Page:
Palaeoceanography - We have new high-resolution records of Late Pleistocene climate variability from both the ITF inflow and outflow, using various palaeoclimate proxies including foraminiferal stable isotopes and Mg/Ca ratios, XRF core scanning, and Uk'37 alkenone analysis. These data show that Late Pleistocene precipitation variability in the inflow is driven by precessionally-forced changes in both the position of the Intertropical Convergence Zone (ITCZ) and strength of the Walker circulation. In addition, we completed new calibrations of foraminiferal Mg/Ca chemistry to sea-surface temperature in along the ITF pathway. These records suggest existing isotopic records of precipitation in the West Pacific may be driven to a large extent by atmospheric transport mechanisms, a result that agrees with land-based runoff records. Moreover, a benthic Mg/Ca temperature calibration proves that the relationship between Mg/Ca ratios and bottom water temperature is robust against potential bias owing to low carbonate saturation levels. Finally, we provide a ITF reconstruction from the lower thermocline (500 m) to surface spanning the last glacial cycle.
Biodiversity - Study of several benthic marine groups confirm high diversity in shallow marine habitats during early Miocene. We greatly expanded the known fossil record of Bryozoa, calcareous algae, and reef corals including the diverse extant genus Acropora. These data provide important new calibration points for molecular phylogenies of calcareous algae and corals. Biodiversity in particular habitats was explored through integrated studies that suggest a regional shift in habits from low-relief coral reefs in the Early Miocene towards coral carpets in the Middle-Late Miocene to more modern-looking high relief coral buildups in the Late Miocene. This habitat shift coincided with a major taxonomic turnover in benthic foraminifera but not in other benthic groups - although community structure of corals was strongly altered. We discovered ancient highly diverse seagrass habitats and developed new protocols for identifying seagrass habitats from the fossil record.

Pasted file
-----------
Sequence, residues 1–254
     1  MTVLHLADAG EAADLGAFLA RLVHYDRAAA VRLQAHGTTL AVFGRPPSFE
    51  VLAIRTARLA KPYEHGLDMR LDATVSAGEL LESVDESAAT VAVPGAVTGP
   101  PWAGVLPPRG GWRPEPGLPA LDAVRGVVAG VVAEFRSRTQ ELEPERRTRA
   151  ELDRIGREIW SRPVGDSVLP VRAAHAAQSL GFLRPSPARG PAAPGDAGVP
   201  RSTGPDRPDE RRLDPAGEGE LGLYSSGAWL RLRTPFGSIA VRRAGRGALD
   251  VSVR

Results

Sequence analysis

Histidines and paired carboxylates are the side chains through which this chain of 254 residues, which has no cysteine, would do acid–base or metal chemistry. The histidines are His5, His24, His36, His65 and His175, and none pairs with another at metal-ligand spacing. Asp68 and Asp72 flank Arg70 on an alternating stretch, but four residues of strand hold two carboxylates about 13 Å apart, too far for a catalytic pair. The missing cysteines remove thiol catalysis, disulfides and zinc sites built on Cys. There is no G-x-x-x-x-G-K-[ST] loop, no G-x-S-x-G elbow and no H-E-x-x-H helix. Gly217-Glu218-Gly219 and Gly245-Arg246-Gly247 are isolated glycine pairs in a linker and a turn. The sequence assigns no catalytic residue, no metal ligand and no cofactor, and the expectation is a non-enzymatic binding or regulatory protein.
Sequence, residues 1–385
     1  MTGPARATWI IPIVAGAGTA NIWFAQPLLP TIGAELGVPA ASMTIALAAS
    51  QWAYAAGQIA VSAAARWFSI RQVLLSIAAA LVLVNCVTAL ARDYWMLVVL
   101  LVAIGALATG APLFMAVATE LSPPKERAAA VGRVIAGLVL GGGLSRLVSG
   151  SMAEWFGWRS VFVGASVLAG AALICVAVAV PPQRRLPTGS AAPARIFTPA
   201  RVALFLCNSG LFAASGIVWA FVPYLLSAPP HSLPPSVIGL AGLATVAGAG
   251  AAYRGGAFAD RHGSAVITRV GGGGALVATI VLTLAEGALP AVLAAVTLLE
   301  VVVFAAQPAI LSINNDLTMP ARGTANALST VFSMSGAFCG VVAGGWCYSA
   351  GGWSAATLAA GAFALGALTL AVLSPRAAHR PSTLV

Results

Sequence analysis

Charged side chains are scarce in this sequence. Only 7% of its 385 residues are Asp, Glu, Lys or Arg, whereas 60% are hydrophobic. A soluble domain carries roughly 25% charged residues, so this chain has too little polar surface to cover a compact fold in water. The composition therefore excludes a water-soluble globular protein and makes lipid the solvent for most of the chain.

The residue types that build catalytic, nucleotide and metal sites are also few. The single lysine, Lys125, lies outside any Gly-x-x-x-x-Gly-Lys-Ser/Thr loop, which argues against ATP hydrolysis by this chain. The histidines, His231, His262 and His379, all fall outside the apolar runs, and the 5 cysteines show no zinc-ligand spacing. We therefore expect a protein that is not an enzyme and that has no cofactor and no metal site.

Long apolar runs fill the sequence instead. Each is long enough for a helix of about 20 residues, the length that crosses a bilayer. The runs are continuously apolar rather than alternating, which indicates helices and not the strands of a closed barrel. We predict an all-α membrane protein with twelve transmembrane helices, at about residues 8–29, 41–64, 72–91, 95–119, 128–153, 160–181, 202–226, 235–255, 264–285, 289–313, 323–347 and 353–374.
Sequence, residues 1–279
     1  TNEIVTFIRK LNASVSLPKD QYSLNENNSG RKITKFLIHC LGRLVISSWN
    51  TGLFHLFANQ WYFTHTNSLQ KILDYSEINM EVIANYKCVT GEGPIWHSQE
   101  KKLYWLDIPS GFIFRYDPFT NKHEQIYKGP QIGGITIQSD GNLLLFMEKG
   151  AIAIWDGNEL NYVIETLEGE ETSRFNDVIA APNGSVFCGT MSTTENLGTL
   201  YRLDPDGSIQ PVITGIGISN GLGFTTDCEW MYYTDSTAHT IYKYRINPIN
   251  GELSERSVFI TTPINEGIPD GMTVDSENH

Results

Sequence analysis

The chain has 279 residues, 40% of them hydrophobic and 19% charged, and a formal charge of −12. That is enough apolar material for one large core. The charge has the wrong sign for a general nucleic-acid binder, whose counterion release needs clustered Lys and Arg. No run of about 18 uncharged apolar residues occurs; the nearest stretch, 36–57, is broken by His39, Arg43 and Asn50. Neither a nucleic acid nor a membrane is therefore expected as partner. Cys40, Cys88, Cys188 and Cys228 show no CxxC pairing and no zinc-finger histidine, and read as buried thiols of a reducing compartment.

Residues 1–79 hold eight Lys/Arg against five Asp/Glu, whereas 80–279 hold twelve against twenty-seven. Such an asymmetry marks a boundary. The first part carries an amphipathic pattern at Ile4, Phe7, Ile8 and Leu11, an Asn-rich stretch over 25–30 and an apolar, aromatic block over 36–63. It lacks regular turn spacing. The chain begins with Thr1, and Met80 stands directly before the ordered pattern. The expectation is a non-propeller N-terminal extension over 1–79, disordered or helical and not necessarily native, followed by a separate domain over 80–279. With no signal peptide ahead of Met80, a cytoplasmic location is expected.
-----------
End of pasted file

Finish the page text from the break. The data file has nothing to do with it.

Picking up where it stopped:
A primary contribution of this project is the large new collections of fossils, sediments, imagery, and other data that are now accessioned into European natural history collections. These valuable new resources, are now part of the European research infrastructure, and will be available for future researchers working to understand the diverse marine ecosystems of Southeast Asia. Oceanographic results are likely to have significance for global climate studies including new insights on the past variability of climate and the ITF and its interconnection with large scale climatic features such as the Indian Ocean Monsoon systems, El Nino Southern Oscillation and the Indian Ocean Dipole. Species and region-specific calibrations of palaeoclimate proxies allow improved accuracy of future climate reconstructions from the ITF region. New palaeoclimate data will help improve models of future climates, especially monsoonal evolution in the densely populated East Asian region. We have discovered an apparent Late Miocene regional shift in coral reef ecosystems from turbid shallow mesophotic habitats to modern-style reefs living in the clear-water euphotic zone. This shift post-dates the origins of high biodiversity, showing that extant diversity originated in these so-called marginal settings. The future of corals reefs may well include a shift back into these dark, deep or turbid settings as biological communities in such settings are thought by some researchers to be more resilient and thus more likely to persist in the face of ongoing anthropogenic change. The future of corals reefs in Southeast Asia might require a step back into the past. We hope that our project will inspire future integrated studies of biodiversity, habitat and age and allow increased understanding of the origins and maintenance of biodiversity in shallow marine ecosystems.